Advancing Schizophrenia Research
In 1994, BC Schizophrenia Society members raised the $1 million necessary to establish a Chair in Schizophrenia Research at UBC. The Chair was named in honour of philanthropist Jack Bell, whose generous donation provided half the necessary funding at the time. The position of Chair is currently held by well-known schizophrenia researcher, Dr. Bill Honer, who is also now Head of UBC Psychiatry.

The Society and its Foundation vigorously promote schizophrenia research, and encourage funders in their support for young scientists who want to study schizophrenia here in British Columbia. This is an important and much-needed contribution to the field. Together we have raised over $2.2 million dollars for research projects to date - the value of which is doubled through matching grants from other sources to individual researchers.

We are proud to present the young researchers profiled here, and extremely grateful to all whose generous gifts of time and money allow us to continue this important work.

Dr. Alfredo Ramos-Miguel
Dr. Ramos-Miguel studies the impact of three brain proteins (known as SNARE proteins) on cognitive impairment in schizophrenia. These proteins can form tight, stable structures called SNARE complexes, which have been found to be related to cognitive decline. His team is working to identify drug compounds that can disrupt SNARE complexes, and potentially relieve the cognitive symptoms of schizophrenia. This ongoing research has already identified some promising candidates in vitro among the 100,000 molecules that have been tested. However, a great effort is still needed to translate their potential effects into benefits for patients and their families.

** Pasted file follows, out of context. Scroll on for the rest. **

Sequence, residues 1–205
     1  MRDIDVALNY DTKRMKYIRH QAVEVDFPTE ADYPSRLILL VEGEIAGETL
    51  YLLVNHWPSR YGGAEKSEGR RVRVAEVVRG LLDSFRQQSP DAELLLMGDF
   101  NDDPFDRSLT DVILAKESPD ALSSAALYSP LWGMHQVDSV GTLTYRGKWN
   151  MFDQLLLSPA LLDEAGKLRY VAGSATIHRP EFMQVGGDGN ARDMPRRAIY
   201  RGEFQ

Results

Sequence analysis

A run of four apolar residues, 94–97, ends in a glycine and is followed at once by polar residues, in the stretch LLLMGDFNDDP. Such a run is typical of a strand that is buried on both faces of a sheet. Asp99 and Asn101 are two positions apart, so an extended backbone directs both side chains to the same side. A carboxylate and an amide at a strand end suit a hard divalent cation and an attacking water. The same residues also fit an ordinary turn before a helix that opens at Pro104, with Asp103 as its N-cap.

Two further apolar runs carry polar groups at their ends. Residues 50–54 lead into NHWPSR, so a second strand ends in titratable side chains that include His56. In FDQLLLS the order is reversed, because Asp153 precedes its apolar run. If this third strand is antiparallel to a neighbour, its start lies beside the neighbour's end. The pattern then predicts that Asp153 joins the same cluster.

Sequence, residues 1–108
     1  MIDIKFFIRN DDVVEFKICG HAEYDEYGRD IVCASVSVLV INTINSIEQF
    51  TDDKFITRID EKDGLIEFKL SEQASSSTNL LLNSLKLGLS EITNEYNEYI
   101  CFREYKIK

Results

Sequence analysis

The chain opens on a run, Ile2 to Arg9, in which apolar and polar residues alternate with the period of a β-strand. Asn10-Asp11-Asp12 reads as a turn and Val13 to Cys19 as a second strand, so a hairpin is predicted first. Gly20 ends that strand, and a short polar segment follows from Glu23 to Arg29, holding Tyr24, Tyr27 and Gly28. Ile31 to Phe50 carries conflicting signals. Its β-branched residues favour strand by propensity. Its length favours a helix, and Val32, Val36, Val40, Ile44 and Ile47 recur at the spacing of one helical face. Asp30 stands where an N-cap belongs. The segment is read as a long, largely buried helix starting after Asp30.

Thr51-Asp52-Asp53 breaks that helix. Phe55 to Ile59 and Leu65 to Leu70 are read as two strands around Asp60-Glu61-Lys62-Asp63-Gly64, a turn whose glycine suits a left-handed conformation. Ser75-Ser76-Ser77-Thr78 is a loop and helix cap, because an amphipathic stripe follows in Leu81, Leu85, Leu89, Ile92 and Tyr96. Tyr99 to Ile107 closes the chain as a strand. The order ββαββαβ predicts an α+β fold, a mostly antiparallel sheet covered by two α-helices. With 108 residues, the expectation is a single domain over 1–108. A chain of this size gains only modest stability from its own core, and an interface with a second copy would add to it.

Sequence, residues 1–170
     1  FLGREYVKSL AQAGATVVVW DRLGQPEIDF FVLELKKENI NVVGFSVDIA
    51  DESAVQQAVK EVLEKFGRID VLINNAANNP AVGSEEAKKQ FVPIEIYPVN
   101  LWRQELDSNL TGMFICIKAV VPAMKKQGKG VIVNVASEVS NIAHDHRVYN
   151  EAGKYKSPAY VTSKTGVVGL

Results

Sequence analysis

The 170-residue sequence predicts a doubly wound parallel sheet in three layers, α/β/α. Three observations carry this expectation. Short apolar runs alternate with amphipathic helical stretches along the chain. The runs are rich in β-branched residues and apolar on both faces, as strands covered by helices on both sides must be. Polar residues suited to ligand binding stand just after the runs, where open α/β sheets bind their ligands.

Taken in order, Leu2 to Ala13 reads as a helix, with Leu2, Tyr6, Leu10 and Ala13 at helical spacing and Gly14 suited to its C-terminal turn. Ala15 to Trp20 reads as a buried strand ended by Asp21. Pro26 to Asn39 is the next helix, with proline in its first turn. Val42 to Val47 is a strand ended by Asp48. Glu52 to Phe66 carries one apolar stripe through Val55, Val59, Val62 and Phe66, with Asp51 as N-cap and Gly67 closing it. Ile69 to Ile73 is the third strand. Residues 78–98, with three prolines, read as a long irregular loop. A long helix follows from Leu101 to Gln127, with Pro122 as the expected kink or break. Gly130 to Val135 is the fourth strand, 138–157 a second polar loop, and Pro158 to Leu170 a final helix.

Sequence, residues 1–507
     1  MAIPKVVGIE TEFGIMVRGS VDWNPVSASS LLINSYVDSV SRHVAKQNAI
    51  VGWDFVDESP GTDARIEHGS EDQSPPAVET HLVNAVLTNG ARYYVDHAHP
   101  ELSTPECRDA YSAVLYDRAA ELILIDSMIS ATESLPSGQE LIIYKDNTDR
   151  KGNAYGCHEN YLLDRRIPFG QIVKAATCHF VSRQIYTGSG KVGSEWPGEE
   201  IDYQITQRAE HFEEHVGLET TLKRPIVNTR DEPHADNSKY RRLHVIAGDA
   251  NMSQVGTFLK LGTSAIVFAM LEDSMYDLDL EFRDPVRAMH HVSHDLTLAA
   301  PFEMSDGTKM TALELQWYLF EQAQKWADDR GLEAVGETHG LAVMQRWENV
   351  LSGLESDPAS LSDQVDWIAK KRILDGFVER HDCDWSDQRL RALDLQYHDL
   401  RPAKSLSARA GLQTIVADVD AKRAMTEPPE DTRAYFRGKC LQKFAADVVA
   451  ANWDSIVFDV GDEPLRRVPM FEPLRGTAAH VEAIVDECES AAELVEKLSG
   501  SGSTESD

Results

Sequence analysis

Katie M. Lavigne
Katie Lavigne’s PHD research examines brain activity associated with changes in symptoms, cognition, and social functioning in schizophrenia patients undergoing either cognitive remediation therapy (CRT) or metacognitive training (MCT). This will be the first direct comparison of brain changes underlying these two popular cognitive therapies for schizophrenia, and could lead to more individualized treatment options by determining which features of schizophrenia are impacted most through CRT vs. MCT. Future research combining CRT and MCT would serve as the first steps in the development of a comprehensive treatment program involving medications and cognitive training. Katie is currently recruiting and running treatment groups at one inpatient site (BC Psychosis Program, UBC Hospital). She is also recruiting and running treatment groups with Vancouver Coastal’s Outpatient Mental Health teams, and will have completed assessments and treatment for her first group by fall 2014.

Dr. Anita Cote
Dr. Anita Cote is at UBC researching cardiovascular impacts, including metabolic syndrome, arising from the use of anti-psychotic medications in children. The goal is to identify genetic markers of which children will develop risk factors for heart disease and stroke when treated with second generation antipsychotics (SGA)—so that appropriate prevention strategies can be implemented. During her research Dr. Cote identified an association between the Val158Met (rs4680) variant in the catechol-O-methyltransferase (COMT) gene and blood pressure in SGA-treated children. This work was recently published in the Pharmacogenomics Journal, and is the first study to report the interaction of this gene and SGA use. Dr. Cote is now investigating changes in the functioning of the COMT gene in SGA-treated children.